Back on April 15th I wrote a post called "Business Aviation Safety Off To A Poor Start This Year" in which I opined that in order to get the proper perspective the reported data needed to be related to the number of hours flown, not just raw numbers.
The National Transportation Safety Board released a report that aircraft charter accidents had fallen sharply in 2009. In this report they showed an overall decrease in accidents for general aviation and on-demand Part 135 charter operations. According to the NTSB 2009 had the fewest number of accidents than any other time over the previous 20 years. In this case the NTSB did take into consideration the level of flight hours flown in its comparison, and despite the lower flight hours the Part 135 accident rate dropped from 1.81 per 100,000 hours flown to 1.63 per 100,000 hours flown, a 10% reduction from the previous reporting period. Despite the number of general aviation accidents falling from 1,566 in 2008 to 1,474 in 2009, the rate per 100,000 hours flown rose from 6.86 to 7.20 per 100,000 hours flown in 2009. Compare these numbers to the fact that in 2009 there was only 1 fatal Part 121 airline accident, and a major accident rate of .833 per 1,000,000 hours flown! These numbers show that general aviation has a long way to go to reach the safety level of Part 121 airlines. All of us in aviation need to work to improve safety, both through better training (initial and recurrent) and the use of more safety devices like the AmSafe Airbag Seatbelt system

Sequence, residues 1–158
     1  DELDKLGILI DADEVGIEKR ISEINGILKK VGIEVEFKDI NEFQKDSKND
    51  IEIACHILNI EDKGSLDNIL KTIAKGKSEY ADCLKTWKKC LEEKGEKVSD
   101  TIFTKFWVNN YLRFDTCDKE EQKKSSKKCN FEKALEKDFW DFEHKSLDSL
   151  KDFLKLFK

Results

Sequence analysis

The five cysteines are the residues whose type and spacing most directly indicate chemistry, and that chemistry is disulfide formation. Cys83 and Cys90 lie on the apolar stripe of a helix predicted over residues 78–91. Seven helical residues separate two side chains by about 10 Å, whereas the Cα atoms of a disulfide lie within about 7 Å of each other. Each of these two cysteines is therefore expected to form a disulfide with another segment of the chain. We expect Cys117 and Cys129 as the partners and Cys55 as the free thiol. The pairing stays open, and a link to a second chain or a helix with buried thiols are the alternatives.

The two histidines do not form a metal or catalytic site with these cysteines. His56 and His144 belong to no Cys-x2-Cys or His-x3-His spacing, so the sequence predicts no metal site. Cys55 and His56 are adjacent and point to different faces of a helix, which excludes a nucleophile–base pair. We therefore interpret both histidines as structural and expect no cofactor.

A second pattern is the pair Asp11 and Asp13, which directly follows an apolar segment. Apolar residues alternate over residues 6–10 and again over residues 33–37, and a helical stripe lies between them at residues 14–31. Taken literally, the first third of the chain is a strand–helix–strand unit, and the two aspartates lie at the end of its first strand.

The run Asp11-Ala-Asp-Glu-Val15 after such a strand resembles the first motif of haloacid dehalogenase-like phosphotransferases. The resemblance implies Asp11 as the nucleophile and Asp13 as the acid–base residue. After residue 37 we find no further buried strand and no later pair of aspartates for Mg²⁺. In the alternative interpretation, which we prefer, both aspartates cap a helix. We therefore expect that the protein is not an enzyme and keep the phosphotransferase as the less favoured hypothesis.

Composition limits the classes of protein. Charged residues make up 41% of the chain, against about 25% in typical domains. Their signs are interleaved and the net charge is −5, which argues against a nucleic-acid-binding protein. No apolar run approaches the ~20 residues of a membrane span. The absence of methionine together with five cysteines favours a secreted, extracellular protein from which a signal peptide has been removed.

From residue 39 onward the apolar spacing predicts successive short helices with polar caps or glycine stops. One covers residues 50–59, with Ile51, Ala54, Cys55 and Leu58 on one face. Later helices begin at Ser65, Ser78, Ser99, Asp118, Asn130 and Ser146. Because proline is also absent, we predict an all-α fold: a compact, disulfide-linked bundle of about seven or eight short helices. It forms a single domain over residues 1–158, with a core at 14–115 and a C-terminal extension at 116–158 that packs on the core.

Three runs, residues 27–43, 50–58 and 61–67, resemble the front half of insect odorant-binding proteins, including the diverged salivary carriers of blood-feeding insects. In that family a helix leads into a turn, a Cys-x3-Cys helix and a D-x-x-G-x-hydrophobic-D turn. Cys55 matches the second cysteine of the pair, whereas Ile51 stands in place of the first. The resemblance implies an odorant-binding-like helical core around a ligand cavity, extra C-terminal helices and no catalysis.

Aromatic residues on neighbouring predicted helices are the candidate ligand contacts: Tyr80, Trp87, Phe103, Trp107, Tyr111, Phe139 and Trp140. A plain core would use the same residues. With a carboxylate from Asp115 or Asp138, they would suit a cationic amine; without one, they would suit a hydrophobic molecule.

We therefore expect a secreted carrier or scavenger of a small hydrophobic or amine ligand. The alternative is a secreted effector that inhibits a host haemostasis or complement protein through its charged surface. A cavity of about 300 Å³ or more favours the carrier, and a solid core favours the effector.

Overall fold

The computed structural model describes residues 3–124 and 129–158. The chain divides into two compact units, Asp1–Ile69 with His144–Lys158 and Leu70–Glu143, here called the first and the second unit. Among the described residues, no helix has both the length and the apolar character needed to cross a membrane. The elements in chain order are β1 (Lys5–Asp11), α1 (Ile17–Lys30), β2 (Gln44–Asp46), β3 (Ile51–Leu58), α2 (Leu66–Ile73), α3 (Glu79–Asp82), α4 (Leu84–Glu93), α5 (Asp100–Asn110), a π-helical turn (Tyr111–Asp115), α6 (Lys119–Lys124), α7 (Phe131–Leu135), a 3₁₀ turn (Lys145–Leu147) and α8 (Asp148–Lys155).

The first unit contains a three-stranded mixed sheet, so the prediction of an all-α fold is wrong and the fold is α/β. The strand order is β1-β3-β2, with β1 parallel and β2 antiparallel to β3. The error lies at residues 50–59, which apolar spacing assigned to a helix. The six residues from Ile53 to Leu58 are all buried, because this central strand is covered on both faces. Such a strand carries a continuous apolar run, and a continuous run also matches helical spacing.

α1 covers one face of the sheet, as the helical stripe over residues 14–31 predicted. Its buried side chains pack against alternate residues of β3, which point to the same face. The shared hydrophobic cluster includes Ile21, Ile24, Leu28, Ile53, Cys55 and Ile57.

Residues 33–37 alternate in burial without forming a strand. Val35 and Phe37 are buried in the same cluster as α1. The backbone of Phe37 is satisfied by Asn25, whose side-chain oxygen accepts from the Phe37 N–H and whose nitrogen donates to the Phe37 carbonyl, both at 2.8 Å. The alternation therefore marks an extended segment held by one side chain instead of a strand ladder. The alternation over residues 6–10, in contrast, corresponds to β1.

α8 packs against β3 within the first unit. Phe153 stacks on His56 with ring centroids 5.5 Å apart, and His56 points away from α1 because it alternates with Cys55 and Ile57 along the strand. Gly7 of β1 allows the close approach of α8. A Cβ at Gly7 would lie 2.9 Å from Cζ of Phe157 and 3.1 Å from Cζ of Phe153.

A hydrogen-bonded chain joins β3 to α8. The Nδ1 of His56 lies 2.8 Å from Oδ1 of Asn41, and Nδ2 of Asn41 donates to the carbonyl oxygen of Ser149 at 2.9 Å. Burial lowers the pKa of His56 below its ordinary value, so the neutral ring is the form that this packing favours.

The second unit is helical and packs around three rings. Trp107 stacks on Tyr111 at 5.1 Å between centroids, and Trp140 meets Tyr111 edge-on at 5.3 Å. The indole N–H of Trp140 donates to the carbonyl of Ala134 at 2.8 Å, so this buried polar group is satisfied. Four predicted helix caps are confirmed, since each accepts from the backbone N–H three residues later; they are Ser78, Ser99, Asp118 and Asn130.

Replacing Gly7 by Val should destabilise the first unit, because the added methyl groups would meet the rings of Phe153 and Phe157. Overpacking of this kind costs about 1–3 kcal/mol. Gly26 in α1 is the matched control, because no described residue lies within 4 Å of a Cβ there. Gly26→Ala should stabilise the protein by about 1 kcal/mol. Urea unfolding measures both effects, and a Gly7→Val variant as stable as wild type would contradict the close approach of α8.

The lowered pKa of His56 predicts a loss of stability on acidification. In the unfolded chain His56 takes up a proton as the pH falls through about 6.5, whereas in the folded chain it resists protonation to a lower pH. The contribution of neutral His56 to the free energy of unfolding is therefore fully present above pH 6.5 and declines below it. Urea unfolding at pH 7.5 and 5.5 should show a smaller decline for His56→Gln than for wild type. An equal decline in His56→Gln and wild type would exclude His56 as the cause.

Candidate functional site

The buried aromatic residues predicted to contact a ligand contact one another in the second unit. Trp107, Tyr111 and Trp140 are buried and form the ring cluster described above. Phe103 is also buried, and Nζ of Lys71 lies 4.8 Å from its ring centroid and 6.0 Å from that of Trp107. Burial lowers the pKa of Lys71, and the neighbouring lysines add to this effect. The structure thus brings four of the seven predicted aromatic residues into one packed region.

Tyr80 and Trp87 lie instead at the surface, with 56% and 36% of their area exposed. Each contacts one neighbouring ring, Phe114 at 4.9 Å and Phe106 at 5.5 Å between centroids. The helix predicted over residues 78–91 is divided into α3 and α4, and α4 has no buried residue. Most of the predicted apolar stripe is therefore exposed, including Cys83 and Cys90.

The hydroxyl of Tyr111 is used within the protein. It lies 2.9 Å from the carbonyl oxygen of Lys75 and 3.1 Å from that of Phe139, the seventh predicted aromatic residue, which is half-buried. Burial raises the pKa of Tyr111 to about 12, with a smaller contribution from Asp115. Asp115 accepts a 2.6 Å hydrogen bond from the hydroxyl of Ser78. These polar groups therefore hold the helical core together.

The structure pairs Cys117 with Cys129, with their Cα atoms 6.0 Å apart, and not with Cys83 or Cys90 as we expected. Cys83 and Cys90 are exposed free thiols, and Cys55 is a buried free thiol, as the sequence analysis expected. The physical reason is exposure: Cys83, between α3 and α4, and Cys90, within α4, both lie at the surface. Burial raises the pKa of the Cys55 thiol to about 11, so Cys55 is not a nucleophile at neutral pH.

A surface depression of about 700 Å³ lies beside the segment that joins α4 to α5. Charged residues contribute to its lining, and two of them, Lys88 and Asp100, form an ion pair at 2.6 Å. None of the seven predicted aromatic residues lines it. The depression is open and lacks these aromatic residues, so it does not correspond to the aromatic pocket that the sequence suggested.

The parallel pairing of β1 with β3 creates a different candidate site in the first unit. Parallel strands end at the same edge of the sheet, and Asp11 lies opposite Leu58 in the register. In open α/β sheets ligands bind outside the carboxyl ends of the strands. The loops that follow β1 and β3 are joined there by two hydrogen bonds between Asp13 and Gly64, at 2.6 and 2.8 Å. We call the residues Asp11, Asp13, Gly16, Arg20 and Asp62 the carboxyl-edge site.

. Be sure and check out their videos. Until next time keep your wings straight and level Hersch! JetAviator7 If there were no risks it probably would not be worth doing. I certainly believe an airplane is capable of killing you, and in that sense I respect it. — Steve Ishmael, NASA Test Pilot.
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